Stephen Fry and the Plainness of Plain English

Last Monday Stephen Fry and Charlotte Green hosted a show talking about the importance of plain English. While everyone agreed that it was important information was easy to understand, no one could agree on what plain English was. It also brought up questions on how you determine how easy text is to understand. Well, this is where the idea of plain English got complicated as we learnt that this was done by readability calculators.

There are many ways of calculating readability which, while different all work to the same standard. The general rule for a good readability level is to use short words and sentences that are between 15-25 words long. The main part of the show was about a readability test used to see who was best at writing information simply.

The study compared text written by a group of parents whose children suffered from the same disease, a government leaflet and text written by a marketer. Coming out on top was the marketer, with text that was simple to understand and gave the reader exactly the information they needed. The Government leaflet did well, people understood the general idea of what they were being told; but the parents group struggled to get their point across.

The reason behind this clear difference was simple. The parents were far too close to the subject matter. Like most specialists they used complex language to explain topics which while important, weren’t necessarily essential for the reader to know. The government information was useful and did well; however, it contained a lot of jargon meaning the reader needed help in understanding parts of it. The marketer came out on top, because of their training. They were able to filter out the non essential facts and provide the reader with exactly what they needed at the time.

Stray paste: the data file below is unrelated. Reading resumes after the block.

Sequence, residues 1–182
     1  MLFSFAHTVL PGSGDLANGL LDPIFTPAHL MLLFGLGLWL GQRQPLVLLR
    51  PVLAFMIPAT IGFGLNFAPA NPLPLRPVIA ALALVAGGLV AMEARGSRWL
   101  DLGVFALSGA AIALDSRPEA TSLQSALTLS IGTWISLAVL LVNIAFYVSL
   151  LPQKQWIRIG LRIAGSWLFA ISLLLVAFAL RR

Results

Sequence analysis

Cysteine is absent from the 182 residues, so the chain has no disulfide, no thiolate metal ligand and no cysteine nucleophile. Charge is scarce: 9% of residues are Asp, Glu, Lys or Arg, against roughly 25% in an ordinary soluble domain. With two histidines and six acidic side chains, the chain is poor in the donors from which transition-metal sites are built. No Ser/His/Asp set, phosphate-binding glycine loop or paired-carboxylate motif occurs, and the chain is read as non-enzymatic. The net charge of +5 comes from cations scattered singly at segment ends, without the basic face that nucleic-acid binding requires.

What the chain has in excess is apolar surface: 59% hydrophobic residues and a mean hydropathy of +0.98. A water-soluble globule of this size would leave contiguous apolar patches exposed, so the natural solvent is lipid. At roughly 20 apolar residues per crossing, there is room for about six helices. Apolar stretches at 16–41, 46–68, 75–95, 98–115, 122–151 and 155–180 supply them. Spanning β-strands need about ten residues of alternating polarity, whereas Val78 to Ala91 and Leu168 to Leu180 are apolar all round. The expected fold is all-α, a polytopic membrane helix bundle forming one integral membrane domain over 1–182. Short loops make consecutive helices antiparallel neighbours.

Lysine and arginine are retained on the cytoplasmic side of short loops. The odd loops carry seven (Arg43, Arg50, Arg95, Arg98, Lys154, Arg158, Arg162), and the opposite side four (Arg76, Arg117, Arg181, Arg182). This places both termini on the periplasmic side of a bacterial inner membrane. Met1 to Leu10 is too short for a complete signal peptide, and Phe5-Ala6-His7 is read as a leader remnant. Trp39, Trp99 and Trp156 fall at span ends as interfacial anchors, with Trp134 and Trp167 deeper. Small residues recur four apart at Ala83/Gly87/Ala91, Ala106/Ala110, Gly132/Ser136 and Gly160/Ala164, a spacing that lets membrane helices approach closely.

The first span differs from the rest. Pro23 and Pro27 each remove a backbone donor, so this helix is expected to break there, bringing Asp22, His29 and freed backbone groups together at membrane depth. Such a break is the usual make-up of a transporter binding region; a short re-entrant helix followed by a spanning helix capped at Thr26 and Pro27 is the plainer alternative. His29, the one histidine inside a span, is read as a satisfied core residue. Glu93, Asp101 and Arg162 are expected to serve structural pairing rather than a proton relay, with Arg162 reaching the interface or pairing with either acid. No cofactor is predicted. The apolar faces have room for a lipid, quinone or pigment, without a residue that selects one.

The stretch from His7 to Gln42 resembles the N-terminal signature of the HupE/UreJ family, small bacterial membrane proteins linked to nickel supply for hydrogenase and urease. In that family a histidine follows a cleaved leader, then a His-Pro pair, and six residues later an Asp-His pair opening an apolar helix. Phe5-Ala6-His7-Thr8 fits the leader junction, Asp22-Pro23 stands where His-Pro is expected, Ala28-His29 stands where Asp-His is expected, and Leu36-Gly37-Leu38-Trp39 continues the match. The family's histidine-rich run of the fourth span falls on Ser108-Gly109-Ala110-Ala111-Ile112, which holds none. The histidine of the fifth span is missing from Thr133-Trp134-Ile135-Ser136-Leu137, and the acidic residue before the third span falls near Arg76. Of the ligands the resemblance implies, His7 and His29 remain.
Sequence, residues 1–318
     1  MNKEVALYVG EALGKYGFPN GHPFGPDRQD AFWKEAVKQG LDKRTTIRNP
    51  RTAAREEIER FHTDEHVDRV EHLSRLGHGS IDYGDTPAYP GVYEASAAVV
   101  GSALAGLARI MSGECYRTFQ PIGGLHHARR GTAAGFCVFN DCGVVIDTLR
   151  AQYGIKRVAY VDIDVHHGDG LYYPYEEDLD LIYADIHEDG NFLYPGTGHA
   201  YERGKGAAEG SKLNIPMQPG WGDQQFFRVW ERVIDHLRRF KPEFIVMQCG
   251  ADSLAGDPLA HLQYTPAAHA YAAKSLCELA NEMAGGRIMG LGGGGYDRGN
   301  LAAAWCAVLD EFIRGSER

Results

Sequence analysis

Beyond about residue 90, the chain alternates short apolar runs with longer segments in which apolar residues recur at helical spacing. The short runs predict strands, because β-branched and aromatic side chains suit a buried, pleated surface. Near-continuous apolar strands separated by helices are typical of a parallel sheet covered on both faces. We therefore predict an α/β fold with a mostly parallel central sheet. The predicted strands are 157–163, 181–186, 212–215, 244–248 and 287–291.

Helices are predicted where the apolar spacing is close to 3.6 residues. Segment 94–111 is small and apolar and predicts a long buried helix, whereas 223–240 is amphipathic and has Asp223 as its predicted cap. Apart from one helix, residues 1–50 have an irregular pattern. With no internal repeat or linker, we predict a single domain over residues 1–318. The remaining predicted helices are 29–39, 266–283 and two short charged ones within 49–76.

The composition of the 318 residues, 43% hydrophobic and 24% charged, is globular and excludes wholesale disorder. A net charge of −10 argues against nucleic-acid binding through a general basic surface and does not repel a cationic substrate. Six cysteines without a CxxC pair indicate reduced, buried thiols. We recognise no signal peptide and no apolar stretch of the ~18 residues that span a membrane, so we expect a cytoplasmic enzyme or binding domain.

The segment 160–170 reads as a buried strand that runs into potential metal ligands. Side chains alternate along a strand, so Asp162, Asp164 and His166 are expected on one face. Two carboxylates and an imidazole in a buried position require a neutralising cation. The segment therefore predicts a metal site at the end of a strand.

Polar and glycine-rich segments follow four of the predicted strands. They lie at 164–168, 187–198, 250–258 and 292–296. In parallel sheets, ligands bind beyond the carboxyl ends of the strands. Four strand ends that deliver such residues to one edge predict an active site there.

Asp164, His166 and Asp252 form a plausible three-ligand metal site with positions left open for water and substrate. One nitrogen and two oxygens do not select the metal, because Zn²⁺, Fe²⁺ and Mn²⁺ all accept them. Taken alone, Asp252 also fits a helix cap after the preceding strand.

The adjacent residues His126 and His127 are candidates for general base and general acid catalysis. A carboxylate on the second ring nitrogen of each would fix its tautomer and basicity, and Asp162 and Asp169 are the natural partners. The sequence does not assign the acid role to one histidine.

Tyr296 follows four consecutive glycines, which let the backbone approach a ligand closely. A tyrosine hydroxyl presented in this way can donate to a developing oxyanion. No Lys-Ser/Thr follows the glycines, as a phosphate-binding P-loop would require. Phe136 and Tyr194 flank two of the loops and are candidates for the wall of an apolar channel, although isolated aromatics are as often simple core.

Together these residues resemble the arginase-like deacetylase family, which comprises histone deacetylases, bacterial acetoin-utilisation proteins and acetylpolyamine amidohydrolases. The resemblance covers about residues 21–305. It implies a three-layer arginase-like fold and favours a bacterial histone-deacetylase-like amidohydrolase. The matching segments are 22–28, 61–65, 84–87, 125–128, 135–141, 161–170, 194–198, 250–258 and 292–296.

So despite the complex measurements for simplicity, and the problems defining it, writing in plain English is pretty easy. You need to keep your words simple and sentences short. By putting in all the time and effort required to revise your work, you’ll help keep your writing inclusive and easy to read. Or, you could just hire a marketer; they are pretty good at writing.

Listen to the full show on BBC iPlayer

Fun Fact: This document has a SMOG readability level of 16.4, meaning we could expect someone as young as 11 to understand what has been written.

The Plain English Campaign offers plenty of easy to read guides to help you to improve your website text.